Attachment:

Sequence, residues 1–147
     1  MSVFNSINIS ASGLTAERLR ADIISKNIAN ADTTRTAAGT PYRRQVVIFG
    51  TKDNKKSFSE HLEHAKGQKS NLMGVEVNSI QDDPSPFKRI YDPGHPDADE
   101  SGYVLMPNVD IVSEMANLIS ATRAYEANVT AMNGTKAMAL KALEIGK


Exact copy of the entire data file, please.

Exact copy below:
Sequence, residues 1–147
     1  MSVFNSINIS ASGLTAERLR ADIISKNIAN ADTTRTAAGT PYRRQVVIFG
    51  TKDNKKSFSE HLEHAKGQKS NLMGVEVNSI QDDPSPFKRI YDPGHPDADE
   101  SGYVLMPNVD IVSEMANLIS ATRAYEANVT AMNGTKAMAL KALEIGK